Bull terriers can be great pets, but bringing one into your family and your home does require a little preparation. Adding any pet to your home is a change, but dogs have specific requirements. Bull terriers require a little more love and care than other breeds. Before you adopt a bull terrier, you want to make sure this is the breed for you. Here are some things you need to know about these dogs.
Bull Terriers and Children
Many people with children want a dog that will enjoy playing with them. Bull terriers are great with kids if they have been raised around children. In fact, these dogs tend to be very gentle with young people. They rarely bite, even when the little ones accidentally play a little rougher than they should. Bull terriers are also quite good with the elderly, too, and make wonderful companions to those who would otherwise spend much of their days alone.
Bull terriers do need to be kept active. They will need to have space to run around, and if possible, you’ll want to take them for walks on a daily basis. They can get a little out of hand if you leave them home alone for too long, so it may be best if you crate train them and have them spend time in their own little space while you’re out. Bull terriers are very smart dogs, so you can easily train them to follow commands and do a number of tricks.
How Healthy Are Bull Terriers?
Bull terriers are usually very healthy dogs because they like to play and exercise a lot. Many live for more than ten years, and some reach age 15 or older. Because they’re so active, though, many do suffer from patellar luxation. This occurs when the patella, or kneecap, becomes dislocated. Your dog won’t be in pain if this occurs, but it will be difficult for it to walk or run normally. If you decide this is the right breed for you, you may want to consider getting Staffordshire bull terrier pet insurance so your dog can receive the care it needs.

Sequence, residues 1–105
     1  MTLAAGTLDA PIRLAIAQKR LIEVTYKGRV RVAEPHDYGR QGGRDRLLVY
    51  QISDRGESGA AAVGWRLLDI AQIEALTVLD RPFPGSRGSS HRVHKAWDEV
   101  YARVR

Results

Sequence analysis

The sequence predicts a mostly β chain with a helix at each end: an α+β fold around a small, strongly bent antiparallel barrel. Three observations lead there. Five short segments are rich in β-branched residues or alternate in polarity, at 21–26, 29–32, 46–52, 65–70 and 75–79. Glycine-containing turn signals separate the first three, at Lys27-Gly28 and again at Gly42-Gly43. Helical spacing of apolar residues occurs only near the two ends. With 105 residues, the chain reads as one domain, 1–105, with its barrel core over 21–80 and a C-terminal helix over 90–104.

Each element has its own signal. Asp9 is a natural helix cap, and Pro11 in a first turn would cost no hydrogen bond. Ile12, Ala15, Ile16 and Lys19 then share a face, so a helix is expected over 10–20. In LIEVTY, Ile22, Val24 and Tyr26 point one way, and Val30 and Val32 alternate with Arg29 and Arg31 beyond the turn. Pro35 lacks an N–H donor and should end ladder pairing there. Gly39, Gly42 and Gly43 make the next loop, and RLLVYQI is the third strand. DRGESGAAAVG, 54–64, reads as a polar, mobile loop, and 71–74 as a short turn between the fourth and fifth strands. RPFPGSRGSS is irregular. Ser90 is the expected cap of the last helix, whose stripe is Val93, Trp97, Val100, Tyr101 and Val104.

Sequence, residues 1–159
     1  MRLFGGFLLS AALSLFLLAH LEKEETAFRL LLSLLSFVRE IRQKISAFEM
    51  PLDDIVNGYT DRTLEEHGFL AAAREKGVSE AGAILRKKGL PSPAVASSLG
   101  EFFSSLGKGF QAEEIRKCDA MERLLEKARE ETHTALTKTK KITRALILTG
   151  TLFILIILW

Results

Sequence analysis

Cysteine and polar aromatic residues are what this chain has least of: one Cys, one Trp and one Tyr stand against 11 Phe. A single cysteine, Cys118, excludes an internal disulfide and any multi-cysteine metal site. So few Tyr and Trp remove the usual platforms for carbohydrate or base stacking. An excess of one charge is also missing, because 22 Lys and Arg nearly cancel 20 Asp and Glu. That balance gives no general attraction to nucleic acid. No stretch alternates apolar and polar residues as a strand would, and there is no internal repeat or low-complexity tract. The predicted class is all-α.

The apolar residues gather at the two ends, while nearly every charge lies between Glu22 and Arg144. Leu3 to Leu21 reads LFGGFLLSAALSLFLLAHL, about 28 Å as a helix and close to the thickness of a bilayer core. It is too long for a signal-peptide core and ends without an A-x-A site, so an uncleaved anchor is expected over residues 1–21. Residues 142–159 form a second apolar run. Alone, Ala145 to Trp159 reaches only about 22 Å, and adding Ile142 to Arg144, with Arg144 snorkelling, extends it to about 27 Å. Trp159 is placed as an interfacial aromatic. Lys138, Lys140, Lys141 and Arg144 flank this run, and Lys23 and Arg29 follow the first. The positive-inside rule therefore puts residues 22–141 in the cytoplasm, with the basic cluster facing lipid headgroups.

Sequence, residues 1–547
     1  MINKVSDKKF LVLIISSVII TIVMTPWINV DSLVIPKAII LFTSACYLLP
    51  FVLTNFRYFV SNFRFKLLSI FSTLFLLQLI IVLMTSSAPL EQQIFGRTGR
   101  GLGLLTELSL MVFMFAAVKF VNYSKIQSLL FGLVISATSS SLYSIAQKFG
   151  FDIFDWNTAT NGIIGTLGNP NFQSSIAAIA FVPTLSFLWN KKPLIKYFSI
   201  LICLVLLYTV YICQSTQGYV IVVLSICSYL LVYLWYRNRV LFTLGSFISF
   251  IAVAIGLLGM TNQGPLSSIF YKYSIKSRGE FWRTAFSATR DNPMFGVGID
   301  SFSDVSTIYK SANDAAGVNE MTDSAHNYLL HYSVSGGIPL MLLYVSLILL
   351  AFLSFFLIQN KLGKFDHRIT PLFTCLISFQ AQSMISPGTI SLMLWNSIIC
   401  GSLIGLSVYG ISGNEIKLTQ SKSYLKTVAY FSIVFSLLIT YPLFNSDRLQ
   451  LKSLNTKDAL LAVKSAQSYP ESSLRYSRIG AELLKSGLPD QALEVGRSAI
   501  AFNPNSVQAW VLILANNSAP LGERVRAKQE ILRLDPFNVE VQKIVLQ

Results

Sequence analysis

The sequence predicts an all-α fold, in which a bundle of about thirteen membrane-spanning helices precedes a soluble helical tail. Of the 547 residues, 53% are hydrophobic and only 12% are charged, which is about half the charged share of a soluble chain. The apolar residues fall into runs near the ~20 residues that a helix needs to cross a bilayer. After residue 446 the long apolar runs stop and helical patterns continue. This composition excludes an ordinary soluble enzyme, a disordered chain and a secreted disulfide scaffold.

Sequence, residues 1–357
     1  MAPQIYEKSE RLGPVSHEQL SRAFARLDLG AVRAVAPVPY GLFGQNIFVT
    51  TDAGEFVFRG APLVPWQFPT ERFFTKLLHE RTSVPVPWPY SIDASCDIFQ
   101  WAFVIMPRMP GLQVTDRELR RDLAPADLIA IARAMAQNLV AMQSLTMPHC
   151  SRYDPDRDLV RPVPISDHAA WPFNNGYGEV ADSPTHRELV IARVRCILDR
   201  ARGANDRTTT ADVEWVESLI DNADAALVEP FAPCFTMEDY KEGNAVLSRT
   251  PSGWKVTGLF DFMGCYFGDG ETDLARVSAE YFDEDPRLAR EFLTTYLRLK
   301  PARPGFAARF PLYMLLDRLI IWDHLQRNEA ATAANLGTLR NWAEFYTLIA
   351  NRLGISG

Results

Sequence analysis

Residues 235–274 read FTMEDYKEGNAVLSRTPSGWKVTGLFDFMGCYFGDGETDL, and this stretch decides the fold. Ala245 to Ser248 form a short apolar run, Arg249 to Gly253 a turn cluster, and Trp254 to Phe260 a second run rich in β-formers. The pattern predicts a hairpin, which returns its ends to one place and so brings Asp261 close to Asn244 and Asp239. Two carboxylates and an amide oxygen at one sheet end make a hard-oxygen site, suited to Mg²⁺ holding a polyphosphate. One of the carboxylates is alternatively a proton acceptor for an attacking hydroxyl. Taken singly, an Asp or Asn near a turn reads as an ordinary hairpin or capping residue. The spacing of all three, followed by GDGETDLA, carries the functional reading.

Having pet insurance can save you a good amount of money. This insurance can cover accidents, injuries, illnesses, routine care, and emergency care. In most cases, insurance will reimburse you for 80% of the total cost, which can be a considerable amount.
Bull terriers are also genetically more likely to develop minor heart problems, deafness, and kidney failure. However, these medical conditions are rarer than dislocated kneecaps.
Is the Bull Terrier Right for You?
Now that you’ve learned a little bit about this breed, you have to ask yourself if it’s the right dog for you. If you’re looking for a lap dog that doesn’t do much more than eat and sleep all day, you don’t want a bull terrier. If, however, you want a companion who is smart and energetic, you’ll love bull terriers.